As winter’s remains fade, giving way to the verdant colors of spring, brown bears – long tired of foraging on grass, last summer’s berries that survived under the cover of snow, remnants of winter kill, and any other form of nourishment their hibernation-withered frames can find – make their way to the rivers, awaiting that cerulean procession of sockeye, the lynchpin of their diet that will sustain them through winter. It is not until the sockeye have undergone a striking conversion, turning a brilliant red with a green head, and have paired up and spread out to shallower water to spawn, that they become easier targets for bears. While some bears snorkel the river, walking with their heads beneath the river’s surface, others prefer the blitzing approach where they charge into the spawning fish or jump from the bank in hopes of trapping a sockeye under their paws or catching one in their mouths.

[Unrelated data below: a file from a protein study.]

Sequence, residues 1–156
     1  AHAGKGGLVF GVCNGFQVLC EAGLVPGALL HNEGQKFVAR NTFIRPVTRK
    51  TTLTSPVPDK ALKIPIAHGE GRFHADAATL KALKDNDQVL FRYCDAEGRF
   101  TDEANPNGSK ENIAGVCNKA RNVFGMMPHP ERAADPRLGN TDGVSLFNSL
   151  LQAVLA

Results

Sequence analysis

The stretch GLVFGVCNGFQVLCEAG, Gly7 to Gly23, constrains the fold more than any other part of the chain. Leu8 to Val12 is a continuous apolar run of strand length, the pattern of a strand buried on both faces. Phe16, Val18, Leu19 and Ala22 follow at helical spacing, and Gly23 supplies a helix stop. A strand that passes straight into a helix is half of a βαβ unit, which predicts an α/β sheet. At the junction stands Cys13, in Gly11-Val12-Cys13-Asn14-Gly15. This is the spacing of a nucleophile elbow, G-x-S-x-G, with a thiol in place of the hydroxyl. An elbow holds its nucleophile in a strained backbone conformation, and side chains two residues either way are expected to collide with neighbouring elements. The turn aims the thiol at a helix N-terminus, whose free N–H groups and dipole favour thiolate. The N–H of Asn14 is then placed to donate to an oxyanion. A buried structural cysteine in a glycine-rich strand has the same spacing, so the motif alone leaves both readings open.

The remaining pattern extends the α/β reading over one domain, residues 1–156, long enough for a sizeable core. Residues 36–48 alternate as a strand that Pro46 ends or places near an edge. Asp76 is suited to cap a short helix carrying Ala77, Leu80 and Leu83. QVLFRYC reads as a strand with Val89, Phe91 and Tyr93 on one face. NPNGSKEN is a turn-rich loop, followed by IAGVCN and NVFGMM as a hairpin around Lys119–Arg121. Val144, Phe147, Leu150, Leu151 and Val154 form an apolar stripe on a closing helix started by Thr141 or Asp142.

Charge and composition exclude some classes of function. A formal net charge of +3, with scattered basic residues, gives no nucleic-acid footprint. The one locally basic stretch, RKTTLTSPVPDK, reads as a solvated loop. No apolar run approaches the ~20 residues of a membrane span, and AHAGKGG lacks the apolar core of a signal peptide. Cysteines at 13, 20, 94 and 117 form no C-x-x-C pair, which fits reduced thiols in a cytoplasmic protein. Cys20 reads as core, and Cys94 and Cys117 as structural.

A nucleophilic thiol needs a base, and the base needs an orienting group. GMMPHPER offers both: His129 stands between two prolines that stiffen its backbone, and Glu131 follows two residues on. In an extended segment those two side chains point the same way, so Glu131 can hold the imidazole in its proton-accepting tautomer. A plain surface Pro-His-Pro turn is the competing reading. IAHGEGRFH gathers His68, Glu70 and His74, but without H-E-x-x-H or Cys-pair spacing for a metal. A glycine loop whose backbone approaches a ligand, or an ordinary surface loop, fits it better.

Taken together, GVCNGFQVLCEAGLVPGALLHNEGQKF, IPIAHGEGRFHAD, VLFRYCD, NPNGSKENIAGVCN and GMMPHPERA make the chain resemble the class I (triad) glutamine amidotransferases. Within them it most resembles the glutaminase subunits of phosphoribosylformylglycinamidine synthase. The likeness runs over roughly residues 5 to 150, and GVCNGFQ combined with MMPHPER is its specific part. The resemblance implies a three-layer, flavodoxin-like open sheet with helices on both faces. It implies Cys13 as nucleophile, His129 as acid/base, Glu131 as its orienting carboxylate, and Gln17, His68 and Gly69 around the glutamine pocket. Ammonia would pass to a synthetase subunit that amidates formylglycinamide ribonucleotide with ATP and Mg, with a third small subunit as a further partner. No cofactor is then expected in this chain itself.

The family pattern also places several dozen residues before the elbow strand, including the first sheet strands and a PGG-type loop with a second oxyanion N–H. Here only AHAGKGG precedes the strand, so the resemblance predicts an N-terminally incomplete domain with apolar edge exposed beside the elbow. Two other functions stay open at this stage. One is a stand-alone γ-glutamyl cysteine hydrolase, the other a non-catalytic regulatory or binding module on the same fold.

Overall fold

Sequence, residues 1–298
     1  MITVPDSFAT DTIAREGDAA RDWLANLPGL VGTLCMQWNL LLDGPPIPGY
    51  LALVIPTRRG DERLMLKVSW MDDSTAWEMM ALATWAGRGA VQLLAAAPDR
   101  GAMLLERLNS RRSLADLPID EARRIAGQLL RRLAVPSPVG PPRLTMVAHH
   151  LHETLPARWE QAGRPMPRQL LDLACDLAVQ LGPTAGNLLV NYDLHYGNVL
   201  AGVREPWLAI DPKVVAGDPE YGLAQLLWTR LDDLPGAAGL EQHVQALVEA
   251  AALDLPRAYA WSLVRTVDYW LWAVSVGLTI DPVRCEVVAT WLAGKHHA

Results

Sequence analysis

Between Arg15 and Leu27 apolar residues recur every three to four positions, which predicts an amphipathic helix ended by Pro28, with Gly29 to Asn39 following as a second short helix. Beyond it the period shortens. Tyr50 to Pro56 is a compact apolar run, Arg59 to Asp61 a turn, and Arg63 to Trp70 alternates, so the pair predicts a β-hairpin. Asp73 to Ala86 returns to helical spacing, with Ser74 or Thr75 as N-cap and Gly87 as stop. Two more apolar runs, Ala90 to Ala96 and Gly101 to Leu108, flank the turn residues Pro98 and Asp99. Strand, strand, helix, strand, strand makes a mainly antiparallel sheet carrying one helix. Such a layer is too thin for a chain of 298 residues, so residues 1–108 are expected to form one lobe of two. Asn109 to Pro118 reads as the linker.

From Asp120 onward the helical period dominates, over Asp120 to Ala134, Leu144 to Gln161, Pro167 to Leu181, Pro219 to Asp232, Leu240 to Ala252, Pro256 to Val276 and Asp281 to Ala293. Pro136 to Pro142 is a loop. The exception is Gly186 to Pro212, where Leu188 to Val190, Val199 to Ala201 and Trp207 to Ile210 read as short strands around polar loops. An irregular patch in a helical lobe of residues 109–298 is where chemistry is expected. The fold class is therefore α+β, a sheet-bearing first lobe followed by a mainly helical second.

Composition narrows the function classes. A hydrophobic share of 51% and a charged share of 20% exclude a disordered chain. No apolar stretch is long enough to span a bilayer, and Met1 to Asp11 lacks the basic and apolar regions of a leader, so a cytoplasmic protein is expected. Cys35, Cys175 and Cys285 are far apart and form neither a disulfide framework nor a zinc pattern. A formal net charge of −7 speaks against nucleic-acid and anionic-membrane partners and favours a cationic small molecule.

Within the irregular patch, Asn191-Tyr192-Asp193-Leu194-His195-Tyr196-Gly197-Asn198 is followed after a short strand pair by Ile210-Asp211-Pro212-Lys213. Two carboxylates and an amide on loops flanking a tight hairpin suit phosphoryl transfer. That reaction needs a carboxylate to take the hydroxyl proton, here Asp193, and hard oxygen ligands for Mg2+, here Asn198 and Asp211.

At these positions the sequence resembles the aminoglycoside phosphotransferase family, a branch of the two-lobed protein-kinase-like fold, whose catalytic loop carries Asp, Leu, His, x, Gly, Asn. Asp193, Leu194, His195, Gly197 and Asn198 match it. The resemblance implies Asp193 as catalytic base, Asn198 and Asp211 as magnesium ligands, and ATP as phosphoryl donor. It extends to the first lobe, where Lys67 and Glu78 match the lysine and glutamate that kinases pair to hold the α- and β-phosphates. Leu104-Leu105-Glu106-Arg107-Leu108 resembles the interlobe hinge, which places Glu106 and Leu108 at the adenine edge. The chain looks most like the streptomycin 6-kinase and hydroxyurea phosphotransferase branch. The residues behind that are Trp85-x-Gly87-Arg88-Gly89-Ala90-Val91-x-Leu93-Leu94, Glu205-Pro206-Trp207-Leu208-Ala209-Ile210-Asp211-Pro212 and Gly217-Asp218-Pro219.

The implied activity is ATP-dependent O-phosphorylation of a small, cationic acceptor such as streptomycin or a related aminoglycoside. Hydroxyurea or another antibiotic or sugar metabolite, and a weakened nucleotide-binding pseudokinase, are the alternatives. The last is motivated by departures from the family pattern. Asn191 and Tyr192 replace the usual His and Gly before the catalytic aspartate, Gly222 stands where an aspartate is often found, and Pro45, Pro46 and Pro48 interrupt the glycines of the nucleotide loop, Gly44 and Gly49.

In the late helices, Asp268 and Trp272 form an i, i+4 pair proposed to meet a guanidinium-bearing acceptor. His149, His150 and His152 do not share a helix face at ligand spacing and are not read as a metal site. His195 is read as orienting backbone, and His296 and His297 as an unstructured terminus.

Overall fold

Nathan Cornelius is a fishing guide from Oregon who is currently plying the waters of the Copper River (not the famous Copper River Salmon place) in Alaska. His guiding has also taken him to Chile (the writing of this bio was interrupted by the editor of this publication entertaining me with a story from Delhi (I use the word entertaining loosely)) where he hopes his ashes will be spread upon his demise, or, at the very least, fired from a cannon in the general direction of the southern hemisphere.